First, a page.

By the time we had reentered the Syrian border and were headed back to the cab ready to take us into Kameshli, I had resigned myself to the fact that we were refugees. I read about refugees on the Internet daily… in the newspapers… hear about them on TV. I hear about the estimated 1.5 million plus Iraqi refugees in Syria and shake my head, never really considering myself or my family as one of them. After all, refugees are people who sleep in tents and have no potable water or plumbing, right? Refugees carry their belongings in bags instead of suitcases and they don’t have cell phones or Internet access, right? Grasping my passport in my hand like my life depended on it, with two extra months in Syria stamped inside, it hit me how wrong I was. We were all refugees. I was suddenly a number. No matter how wealthy or educated or comfortable, a refugee is a refugee. A refugee is someone who isn’t really welcome in any country- including their own... especially their own.
We live in an apartment building where two other Iraqis are renting. The people in the floor above us are a Christian family from northern Iraq who got chased out of their village by Peshmerga and the family on our floor is a Kurdish family who lost their home in Baghdad to militias and were waiting for immigration to Sweden or Switzerland or some such European refugee haven.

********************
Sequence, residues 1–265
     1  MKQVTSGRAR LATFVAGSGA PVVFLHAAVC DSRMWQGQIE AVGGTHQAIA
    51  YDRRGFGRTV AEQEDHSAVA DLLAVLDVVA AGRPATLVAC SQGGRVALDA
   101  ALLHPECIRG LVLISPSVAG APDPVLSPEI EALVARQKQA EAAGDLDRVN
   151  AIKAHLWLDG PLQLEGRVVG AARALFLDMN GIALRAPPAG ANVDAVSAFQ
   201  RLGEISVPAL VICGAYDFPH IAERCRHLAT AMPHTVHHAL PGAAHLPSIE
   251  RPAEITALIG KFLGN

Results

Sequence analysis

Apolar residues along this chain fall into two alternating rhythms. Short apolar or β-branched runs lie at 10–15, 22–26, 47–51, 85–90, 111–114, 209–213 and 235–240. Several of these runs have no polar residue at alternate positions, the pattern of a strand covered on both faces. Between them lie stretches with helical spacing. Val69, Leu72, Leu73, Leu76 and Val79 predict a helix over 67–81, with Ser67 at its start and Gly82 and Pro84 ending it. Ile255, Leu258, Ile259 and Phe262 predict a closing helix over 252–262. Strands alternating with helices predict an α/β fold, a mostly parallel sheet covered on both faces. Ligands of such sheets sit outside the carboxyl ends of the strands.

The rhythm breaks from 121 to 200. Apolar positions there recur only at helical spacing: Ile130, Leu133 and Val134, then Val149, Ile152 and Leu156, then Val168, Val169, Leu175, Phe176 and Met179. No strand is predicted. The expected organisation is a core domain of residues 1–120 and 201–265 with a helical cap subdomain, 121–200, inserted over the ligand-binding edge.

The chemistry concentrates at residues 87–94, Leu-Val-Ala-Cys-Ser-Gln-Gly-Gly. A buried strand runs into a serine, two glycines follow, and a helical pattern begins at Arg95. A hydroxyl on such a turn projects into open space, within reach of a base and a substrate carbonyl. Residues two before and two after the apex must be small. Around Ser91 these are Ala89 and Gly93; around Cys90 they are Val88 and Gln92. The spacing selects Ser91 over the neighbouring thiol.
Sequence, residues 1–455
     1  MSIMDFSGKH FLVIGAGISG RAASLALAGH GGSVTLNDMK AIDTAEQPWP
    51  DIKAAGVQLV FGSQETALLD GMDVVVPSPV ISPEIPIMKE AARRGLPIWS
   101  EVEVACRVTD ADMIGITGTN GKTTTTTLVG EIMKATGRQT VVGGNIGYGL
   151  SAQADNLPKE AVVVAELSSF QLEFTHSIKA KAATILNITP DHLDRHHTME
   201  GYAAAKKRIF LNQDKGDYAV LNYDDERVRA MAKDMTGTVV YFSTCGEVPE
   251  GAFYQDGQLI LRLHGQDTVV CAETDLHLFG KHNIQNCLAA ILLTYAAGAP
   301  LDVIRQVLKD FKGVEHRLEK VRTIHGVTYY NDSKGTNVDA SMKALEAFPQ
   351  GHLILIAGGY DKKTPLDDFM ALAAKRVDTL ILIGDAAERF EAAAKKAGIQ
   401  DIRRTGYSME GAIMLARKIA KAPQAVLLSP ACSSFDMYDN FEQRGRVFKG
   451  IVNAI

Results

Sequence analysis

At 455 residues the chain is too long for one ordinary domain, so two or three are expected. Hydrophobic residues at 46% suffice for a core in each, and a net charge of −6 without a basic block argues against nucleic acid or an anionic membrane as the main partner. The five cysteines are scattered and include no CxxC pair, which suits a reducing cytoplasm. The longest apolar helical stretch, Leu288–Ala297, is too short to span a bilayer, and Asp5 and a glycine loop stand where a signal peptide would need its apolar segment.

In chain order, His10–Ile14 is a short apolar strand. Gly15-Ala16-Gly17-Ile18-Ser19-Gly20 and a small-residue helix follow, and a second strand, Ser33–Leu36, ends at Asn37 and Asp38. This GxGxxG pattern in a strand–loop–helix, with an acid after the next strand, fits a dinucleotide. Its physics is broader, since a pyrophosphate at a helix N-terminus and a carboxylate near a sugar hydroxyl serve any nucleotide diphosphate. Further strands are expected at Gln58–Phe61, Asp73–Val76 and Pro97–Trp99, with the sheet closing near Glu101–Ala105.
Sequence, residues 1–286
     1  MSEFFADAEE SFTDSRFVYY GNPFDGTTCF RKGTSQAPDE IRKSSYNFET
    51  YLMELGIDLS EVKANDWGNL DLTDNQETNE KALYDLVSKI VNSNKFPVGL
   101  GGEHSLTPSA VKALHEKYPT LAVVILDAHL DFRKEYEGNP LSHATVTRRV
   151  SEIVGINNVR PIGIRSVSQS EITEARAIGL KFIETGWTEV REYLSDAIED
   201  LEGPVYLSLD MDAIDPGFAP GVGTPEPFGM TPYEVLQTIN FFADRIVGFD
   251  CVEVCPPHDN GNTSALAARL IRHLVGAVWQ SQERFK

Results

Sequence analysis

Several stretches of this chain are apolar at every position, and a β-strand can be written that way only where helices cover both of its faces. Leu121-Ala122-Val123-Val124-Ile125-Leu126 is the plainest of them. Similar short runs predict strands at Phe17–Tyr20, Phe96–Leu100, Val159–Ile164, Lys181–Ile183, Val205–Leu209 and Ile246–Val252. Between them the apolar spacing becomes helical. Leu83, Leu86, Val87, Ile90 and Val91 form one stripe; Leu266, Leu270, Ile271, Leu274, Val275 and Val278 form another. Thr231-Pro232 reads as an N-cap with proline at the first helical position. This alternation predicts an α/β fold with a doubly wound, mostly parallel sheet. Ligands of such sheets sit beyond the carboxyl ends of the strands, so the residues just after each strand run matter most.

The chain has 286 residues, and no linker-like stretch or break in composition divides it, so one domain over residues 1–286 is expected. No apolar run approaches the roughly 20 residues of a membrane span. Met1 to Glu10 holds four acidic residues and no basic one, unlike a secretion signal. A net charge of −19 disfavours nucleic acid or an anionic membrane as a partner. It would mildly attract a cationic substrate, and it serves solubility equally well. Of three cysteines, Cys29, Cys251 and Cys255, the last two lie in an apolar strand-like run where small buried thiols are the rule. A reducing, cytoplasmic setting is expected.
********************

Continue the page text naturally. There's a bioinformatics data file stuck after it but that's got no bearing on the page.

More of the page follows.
The first evening we arrived, exhausted, dragging suitcases behind us, morale a little bit bruised, the Kurdish family sent over their representative – a 9 year old boy missing two front teeth, holding a lopsided cake, “We’re Abu Mohammed’s house- across from you- mama says if you need anything, just ask- this is our number. Abu Dalia’s family live upstairs, this is their number. We’re all Iraqi too... Welcome to the building.”
I cried that night because for the first time in a long time, so far away from home, I felt the unity that had been stolen from us in 2003.
For me, everything that Movement Conservatism has done wrong can be read in Riverbend's blog. Her careful chronicle of how the normalcy of everyday life melted away is the story of the corrosive effect Bush and his backers have had on the world directly for eight years and in varying levels of intensity since Reagan.
Anyone who praises Reagan and the movement he led is praising what has happened to Riverbend, her family, her friends, her country. There is no wall between the domestic and foreign policy of these people. The collapse of Wall Street and the burning of Baghdad are of a piece, joined by a Darwinian world view that there are hunters and prey, the strong and the weak, the winners who are deserving and the losers who deserve nothing. The prisons of California, an industry the Republicans proudly comapre to Pat Brown's university system, are the siblings of Abu Ghraib. The drowning of New Orleans is the mirror of Baghdad in flames. Devastation to the innocent by-standers who could not flee in time, a gold mine for the contractors who arrived like vultures to strip the carcasses to the bone.
"... I'll meet you 'round the bend my friend, where hearts can heal and souls can mend..."